Boston Scientific Corp. (NYSE:BSX) enrolled the 630th and final patient in its MAPS clinical trial comparing treatment of brain aneurysms with bare-metal and biopolymer-coated coils.
The study, which the Natick, Mass.-based medical device giant began in 2007, aims to measure how often aneurysms recur one year after being treated with its bare-platinum GDC and biopolymer-coated Matrix2 detachable coils.
Boston Scientific said the Maps trial, being conducted in 47 hospitals in 11 countries, will also compare “secondary angiographic endpoints” with “the primary clinical outcomes over several years to evaluate the long-term predictive value of 12-month angiography.” Results are expected to be published in 2011, according to a press release.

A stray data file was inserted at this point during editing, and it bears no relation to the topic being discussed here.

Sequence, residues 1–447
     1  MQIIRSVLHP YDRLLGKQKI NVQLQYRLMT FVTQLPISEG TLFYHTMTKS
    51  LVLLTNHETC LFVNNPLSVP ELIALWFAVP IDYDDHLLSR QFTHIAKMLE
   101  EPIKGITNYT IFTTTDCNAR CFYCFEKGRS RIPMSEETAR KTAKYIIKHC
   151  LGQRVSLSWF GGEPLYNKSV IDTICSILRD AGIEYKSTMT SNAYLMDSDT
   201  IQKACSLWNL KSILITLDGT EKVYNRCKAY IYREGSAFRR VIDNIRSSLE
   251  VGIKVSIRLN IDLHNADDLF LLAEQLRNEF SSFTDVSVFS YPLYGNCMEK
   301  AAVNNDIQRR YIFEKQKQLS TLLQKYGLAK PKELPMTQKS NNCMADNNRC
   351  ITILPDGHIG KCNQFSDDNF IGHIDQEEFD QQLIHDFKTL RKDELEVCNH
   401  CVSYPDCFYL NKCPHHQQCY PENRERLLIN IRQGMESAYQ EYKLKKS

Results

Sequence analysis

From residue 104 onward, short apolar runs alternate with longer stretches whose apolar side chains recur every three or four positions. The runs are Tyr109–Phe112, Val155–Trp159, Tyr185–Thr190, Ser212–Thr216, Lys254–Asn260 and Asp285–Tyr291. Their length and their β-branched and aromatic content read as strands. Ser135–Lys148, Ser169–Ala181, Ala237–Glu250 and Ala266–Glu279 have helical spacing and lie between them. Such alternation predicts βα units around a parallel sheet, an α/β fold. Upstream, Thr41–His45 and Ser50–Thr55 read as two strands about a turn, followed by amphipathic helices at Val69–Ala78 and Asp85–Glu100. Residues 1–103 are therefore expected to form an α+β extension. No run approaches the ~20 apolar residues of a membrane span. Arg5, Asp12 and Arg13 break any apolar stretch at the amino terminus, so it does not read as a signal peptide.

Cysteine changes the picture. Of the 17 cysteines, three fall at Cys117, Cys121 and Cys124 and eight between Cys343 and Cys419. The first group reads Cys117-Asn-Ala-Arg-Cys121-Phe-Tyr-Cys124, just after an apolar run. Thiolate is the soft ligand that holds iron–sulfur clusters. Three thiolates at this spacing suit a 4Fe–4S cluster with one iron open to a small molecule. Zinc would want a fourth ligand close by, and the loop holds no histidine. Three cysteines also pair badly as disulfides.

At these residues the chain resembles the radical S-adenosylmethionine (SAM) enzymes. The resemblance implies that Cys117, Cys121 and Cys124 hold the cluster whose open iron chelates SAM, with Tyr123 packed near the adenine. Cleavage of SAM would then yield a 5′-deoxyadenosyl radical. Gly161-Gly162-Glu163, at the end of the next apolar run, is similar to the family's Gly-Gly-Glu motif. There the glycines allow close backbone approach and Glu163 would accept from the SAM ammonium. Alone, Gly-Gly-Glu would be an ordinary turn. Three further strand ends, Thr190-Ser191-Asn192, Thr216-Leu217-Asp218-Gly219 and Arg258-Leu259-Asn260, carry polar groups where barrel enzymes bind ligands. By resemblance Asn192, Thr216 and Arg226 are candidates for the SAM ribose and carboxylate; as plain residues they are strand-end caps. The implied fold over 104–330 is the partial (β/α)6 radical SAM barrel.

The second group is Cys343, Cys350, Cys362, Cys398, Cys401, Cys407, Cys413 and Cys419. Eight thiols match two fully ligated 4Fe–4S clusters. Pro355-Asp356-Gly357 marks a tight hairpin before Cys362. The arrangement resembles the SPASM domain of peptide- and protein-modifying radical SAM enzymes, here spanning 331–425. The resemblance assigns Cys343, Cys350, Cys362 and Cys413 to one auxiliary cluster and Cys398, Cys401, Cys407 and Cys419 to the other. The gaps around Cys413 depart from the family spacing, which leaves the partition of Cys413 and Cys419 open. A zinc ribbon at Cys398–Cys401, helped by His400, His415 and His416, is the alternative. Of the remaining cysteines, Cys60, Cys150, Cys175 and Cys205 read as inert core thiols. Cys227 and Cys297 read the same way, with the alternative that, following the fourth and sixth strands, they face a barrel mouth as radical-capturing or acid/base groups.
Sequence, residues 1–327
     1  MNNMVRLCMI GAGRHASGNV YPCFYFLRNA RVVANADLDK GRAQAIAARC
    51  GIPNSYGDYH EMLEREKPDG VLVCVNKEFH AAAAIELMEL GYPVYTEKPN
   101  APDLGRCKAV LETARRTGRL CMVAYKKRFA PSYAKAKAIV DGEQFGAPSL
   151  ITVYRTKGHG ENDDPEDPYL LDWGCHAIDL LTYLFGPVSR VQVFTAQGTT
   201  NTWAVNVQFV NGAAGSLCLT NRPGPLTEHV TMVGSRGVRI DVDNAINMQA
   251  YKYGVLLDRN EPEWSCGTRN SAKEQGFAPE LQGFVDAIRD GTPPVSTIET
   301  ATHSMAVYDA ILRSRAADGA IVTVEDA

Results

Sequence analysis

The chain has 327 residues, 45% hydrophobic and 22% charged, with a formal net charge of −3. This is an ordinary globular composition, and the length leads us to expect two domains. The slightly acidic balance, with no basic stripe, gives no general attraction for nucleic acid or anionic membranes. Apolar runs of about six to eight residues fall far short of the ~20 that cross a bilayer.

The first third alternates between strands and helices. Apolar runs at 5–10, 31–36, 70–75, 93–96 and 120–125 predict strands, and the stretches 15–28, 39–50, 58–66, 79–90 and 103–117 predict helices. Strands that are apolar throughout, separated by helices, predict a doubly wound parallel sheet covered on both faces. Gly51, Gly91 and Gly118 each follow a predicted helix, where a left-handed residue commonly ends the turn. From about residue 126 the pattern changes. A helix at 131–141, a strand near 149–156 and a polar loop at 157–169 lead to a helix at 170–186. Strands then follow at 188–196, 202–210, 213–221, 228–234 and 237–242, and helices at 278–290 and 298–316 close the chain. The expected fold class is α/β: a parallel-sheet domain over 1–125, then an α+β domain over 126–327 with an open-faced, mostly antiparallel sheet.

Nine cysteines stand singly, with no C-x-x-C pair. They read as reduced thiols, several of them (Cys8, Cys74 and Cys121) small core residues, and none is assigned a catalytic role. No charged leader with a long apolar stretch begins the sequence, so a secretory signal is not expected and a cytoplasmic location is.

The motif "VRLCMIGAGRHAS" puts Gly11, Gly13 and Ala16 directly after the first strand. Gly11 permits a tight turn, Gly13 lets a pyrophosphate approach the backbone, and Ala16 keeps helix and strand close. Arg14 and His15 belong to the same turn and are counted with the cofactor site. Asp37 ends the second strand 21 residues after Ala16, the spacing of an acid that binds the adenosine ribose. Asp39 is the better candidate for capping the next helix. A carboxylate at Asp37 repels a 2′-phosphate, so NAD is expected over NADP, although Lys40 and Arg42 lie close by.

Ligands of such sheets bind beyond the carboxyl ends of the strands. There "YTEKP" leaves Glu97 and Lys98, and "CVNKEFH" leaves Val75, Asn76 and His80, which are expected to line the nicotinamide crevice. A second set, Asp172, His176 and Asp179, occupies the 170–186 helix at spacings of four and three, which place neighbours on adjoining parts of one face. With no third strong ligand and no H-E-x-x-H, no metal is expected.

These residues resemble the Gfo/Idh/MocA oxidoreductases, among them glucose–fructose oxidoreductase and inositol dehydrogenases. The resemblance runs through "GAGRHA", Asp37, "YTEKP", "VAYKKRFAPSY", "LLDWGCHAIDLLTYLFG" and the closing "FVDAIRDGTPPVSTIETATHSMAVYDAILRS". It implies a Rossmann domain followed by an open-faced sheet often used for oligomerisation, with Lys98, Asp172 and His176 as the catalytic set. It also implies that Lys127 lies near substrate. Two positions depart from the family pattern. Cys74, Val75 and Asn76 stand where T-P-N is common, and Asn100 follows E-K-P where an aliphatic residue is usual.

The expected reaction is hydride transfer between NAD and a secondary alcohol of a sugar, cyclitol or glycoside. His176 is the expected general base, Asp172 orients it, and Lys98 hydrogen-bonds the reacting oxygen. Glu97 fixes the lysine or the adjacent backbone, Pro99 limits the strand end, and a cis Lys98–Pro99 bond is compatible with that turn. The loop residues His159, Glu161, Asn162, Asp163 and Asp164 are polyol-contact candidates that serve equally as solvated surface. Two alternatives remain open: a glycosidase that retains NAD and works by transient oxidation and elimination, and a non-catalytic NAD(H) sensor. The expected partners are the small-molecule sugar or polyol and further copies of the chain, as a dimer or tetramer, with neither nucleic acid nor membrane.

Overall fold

In May, BSX released five-year data from its ISAT trial showing that patients treated with endovascular coil embolization for ruptured intracranial aneurysms are 23 percent less likely to die within five years, compared with patients treated by surgical clipping of the aneurysm.
And in August, Neurosurgery magazine published a study evaluating the risks of re-treating brain aneurysms after endovascular coil embolization in 311 cases. That study, which looked at data from coil embolizations using devices made by Boston Scientific and Johnson & Johnson (NYSE:JNJ) subsidiary Cordis Corp., indicated that the risk of death or permanent major disability was 1.28 percent, or just more than one in 100.